Updated: April 30, 2009

What is SCM (supply-chain management)?

SCM is a broad term for managing the processes involved in delivering supplies to meet a given demand efficiently. This encompasses every part of the manufacturing process, including raw materials, work in process, inventory storage and finished goods. SCM focuses on the entire process of how these goods are produced and transported — from planning where and how they will be purchased, collected or mined; to where they will be assembled or developed; to the inventory that will be kept on hand; and finally, to the distribution channels for final sales.

Is SCM the same thing as SCEM?

SCEM (supply-chain event management) is the process of controlling all of the events that could disrupt a supply chain. SCEM helps companies analyze their risks and make contingency plans to solve potential issues before they arise.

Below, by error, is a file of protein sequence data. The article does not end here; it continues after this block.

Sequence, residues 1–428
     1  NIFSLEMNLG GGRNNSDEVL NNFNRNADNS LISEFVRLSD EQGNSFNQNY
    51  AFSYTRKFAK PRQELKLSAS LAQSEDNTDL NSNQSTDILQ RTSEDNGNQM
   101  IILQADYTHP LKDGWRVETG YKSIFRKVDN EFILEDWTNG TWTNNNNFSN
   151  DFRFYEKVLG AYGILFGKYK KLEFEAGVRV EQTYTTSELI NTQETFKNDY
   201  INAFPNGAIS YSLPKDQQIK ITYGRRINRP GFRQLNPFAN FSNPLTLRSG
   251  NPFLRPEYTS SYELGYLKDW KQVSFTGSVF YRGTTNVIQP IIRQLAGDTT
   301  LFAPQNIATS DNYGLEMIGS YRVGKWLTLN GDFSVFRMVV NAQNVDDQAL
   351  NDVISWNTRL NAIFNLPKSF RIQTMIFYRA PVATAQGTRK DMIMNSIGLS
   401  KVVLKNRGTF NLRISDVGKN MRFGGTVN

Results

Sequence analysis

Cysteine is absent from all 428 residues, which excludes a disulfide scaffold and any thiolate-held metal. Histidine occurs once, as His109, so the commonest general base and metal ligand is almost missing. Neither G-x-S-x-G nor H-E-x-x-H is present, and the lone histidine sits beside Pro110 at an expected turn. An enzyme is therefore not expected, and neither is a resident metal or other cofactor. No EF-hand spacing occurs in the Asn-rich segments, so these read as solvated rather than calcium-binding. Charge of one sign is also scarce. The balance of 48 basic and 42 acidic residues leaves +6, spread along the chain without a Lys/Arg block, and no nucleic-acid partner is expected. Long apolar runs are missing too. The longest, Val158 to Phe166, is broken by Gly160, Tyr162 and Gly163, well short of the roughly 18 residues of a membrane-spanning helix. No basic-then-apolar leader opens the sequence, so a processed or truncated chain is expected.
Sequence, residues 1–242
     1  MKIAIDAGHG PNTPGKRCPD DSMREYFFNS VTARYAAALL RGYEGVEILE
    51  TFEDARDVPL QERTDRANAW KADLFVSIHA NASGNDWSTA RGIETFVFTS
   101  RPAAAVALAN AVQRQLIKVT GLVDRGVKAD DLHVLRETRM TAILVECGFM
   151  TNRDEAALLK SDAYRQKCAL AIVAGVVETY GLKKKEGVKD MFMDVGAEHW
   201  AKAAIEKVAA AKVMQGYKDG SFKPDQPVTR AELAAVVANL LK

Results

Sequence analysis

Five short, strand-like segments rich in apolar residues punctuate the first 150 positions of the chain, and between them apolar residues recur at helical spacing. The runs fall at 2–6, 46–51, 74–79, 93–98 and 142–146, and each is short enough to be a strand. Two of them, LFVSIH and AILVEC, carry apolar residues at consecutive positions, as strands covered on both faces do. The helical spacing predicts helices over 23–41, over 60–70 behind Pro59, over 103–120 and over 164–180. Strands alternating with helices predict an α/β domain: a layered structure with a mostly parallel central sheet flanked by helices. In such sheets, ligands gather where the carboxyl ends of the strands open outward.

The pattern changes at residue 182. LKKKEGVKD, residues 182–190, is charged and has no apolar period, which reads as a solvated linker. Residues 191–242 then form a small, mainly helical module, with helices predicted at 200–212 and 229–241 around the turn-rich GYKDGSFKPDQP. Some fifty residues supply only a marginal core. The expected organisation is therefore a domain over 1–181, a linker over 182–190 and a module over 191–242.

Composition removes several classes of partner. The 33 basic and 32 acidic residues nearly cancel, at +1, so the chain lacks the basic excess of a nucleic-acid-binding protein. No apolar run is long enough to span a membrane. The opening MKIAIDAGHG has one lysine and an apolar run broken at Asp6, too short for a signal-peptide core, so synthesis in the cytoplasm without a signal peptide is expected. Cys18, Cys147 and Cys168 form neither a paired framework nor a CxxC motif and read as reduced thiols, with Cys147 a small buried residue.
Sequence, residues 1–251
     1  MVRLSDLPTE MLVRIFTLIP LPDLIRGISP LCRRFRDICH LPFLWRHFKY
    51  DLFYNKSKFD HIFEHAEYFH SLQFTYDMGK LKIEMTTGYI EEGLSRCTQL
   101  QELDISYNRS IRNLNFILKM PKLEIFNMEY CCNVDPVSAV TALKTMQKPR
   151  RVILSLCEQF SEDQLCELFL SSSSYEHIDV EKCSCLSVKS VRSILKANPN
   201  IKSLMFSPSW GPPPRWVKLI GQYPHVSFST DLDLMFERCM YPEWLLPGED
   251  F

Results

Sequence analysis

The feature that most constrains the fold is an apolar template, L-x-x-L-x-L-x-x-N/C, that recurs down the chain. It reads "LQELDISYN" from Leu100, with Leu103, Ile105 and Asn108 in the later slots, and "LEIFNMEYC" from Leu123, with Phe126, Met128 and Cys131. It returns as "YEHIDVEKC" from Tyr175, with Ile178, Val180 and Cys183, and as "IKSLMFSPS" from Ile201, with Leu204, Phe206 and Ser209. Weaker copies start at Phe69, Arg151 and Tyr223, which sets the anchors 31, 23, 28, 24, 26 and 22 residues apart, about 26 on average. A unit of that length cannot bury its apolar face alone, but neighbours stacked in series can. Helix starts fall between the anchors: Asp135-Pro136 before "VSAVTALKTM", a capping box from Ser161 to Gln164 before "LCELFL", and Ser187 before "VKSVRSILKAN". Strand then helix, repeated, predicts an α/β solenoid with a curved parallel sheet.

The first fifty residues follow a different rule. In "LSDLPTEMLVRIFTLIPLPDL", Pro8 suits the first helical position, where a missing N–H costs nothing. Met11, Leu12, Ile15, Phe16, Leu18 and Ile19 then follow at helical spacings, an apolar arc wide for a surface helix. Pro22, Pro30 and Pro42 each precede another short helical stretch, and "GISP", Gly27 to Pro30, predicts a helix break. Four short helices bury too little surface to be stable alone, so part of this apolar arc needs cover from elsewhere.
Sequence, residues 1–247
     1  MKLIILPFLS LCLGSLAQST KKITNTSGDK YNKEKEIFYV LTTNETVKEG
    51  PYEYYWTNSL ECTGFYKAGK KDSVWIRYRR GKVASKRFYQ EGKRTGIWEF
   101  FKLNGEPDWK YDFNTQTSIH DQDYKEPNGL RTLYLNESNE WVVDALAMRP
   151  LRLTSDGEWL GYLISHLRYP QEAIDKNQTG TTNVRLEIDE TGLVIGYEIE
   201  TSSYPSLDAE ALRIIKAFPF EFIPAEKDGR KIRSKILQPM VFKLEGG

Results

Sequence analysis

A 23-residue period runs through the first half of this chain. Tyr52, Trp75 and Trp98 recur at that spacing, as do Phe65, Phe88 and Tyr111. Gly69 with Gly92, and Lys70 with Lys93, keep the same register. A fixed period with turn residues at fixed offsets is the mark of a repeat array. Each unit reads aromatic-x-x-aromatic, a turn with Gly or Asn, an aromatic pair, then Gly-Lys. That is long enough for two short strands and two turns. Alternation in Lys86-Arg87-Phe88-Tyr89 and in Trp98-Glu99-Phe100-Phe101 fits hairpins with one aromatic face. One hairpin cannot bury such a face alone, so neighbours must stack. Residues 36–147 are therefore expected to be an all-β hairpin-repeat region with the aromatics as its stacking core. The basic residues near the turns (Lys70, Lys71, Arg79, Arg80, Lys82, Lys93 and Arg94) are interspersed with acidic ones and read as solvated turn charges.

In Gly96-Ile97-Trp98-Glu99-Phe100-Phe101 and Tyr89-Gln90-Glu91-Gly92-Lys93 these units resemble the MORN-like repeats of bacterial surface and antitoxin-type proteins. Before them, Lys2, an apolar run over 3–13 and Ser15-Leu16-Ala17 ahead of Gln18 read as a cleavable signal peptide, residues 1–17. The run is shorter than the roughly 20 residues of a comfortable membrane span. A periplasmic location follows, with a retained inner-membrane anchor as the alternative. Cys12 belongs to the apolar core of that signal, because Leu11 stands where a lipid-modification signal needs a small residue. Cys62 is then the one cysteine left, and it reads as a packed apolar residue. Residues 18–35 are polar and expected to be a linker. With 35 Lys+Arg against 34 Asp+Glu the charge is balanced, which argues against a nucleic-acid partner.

Managing a supply chain requires maintaining control over a broad spectrum of logistics and coordinating with partners that include suppliers, intermediaries, vendors and customers — everyone involved in the process of managing supplies that will eventually be sold to meet the demand of the end customer. An inefficient supply chain can cost companies huge sums of money. If too many materials are purchased, transport time lags, inventory is incorrectly cataloged, or too much or not enough final product is delivered, these inefficiencies will erode the profitability of the resulting products. Using SCEM, a company can identify the risk factors specific to its operations and plan how to make processes more effective and efficient.

What kinds of SCM software are available?

SCM consists of hundreds or even thousands of logistics and tasks, which are different depending on industry, company size and other factors. SCM software is as diverse as the processes it accounts for — large, general products are available, as well as smaller packages that target specific industries or needs.